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Impact at Scale #11 | Importance of soft skill training for our youth and working professionals 

Impact at Scale #11 | Importance of soft skill training for our youth and working professionals 

How do you teach people how to express themselves? How do we convince organisations that communication skills are important? 

The digital divide or gap in learning levels in the population is easily apparent — but there is a huge deficit of soft skills or general skills among our youth. That’s something we need to talk about. 

This gap in general skills isn’t just about English proficiency. It’s about clear communication, creative thinking and time management. 

We’re often led to believe that good communication or soft skills is more an intangible art than a science. Or that it takes a long time to learn them. Aspects of these are true. But is there an alternative? 

1 Question. 

  • How can we fastrack the teaching of communication and soft skills, while making it accessible for young students? 
2 Perspectives 

  • Soft skill trainers, where art thou?

    The government’s National Policy on Skill Development clearly mentions the need for soft skill training, especially for the unorganised sector. But in my experience with vocational education, these general skills are often an afterthought — like safety training. 

    This needs to change. We need a separate cadre of soft skill trainers who are able to connect with the students, and impart them in an efficient manner. 
  • Aligned expectations

    There was an interesting survey conducted by the Observer Research Foundation in 2020. It found that 32% of recruiters in blue collar job roles value soft/general skills even more than technical skills. 

    Trustworthiness, teamwork, clear communication and active listening were some traits they valued. Contrast this with the expectations of job seekers — they valued job placement (71%) and job-specific skills (63%) the highest, while development of general skills (43%) came later. There’s clearly a disconnect in the way industry and job seekers perceive soft skills. There needs to be closer alignment on this.
3 Factors

  • Increased exposure. Those of us privileged enough to learn in Tier-I and Tier-II educational institutes often discount the huge impact a ‘collegial’ atmosphere had on our personality. Our MBA and post graduate colleges also double up as finishing schools. They get the rough edges off from our personalities; events like college fests provide opportunities for self-expression, and avenues to explore passions.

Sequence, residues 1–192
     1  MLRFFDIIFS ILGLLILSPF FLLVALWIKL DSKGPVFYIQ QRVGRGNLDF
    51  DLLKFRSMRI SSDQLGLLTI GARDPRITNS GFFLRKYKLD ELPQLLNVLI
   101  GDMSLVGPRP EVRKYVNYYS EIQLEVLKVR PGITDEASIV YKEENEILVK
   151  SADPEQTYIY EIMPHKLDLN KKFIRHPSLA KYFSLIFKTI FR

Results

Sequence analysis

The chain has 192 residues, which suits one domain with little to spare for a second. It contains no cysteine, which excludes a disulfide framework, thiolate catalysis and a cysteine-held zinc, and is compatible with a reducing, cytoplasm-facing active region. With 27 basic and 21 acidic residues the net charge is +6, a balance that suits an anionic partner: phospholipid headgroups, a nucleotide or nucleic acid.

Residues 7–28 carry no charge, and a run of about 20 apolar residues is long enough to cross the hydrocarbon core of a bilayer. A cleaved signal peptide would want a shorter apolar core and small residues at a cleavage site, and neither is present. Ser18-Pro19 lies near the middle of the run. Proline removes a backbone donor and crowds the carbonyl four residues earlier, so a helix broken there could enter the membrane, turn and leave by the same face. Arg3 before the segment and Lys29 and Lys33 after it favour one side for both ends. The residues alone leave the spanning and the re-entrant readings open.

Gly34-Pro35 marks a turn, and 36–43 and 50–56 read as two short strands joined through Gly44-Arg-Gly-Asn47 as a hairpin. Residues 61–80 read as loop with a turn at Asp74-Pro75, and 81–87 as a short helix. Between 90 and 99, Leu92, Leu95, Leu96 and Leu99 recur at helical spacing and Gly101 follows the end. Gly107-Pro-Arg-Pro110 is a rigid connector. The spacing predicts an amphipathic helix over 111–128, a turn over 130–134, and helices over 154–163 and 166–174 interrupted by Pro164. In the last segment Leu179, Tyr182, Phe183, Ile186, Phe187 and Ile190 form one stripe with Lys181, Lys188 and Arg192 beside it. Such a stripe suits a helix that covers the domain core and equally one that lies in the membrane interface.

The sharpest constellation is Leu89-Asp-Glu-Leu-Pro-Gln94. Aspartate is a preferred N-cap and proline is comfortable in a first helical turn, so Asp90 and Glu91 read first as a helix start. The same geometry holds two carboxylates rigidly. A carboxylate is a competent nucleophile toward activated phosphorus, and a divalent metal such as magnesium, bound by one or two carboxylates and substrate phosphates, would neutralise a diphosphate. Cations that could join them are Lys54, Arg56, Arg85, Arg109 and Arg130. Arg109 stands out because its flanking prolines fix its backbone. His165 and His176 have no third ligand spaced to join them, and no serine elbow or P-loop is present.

But the scope of learning for vocational education students is often limited to technical skills. These are students with a lot of ‘firsts’ — first generation learners, first time in a city, first time entering a formal space of work. They too need some of the exposure and opportunities afforded to their private education counterparts.
  • Linking general skills to business outcomes. How can we quantify the benefits of skilling training? Showing clear outcomes in productivity and other business metrics is a good way to convince companies and young professionals to take soft skills seriously. 

    An independent study conducted in 2018 proved the link between soft skills and productivity. The study tracked female garment workers who were undergoing training under the P.A.C.E programme*. 

    Observed over six months, the P.A.C.E-trained workers were 12% more productive than their peers; they were 15% more likely to ask for additional training. What’s more, there was a return of 250% to the firm over the cost of training over the next eight months. Corporate organisations partnering with the Sector Skill Councils to implement a general skills training programme at scale is a great way to drive outcomes.
  • A ‘soft skill’ culture 

    We also need a culture that values soft skill training. The floor workers at Toyota’s car assembly plant in Japan could famously bring the entire production to a halt by pressing a button if they noticed something off with the manufacturing process. Their inputs were valued. The issues they flagged were reviewed at the very top, and the process changed. That’s the secret of the quality of Toyota’s cars. Do our companies make space for such inputs? 

    Let’s put it another way — are there enough opportunities for blue collar workers to rise to managerial positions? Do they have adequate support? People will value soft skills if they can see clear paths where they can be put to use!

    So let’s start by teaching our young students and working professionals the importance of speaking up, and speaking well!  

    What do you think? 

Until next time, 

*(P.A.C.E or the Personal Advancement & Career Enhancement, is a training programme incepted by the American clothing retailer GAP. It has a strong general skills training component)





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